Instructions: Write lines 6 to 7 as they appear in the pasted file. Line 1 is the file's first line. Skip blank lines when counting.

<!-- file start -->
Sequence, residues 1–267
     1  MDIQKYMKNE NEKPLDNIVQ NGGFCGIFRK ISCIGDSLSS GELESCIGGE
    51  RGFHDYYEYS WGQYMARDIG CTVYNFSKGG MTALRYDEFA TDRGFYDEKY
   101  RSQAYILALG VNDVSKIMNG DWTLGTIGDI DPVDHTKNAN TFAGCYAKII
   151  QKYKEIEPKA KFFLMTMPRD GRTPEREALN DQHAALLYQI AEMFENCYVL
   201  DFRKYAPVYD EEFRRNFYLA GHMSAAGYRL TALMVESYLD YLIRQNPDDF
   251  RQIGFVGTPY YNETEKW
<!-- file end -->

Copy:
   201  DFRKYAPVYD EEFRRNFYLA GHMSAAGYRL TALMVESYLD YLIRQNPDDF
   251  RQIGFVGTPY YNETEKW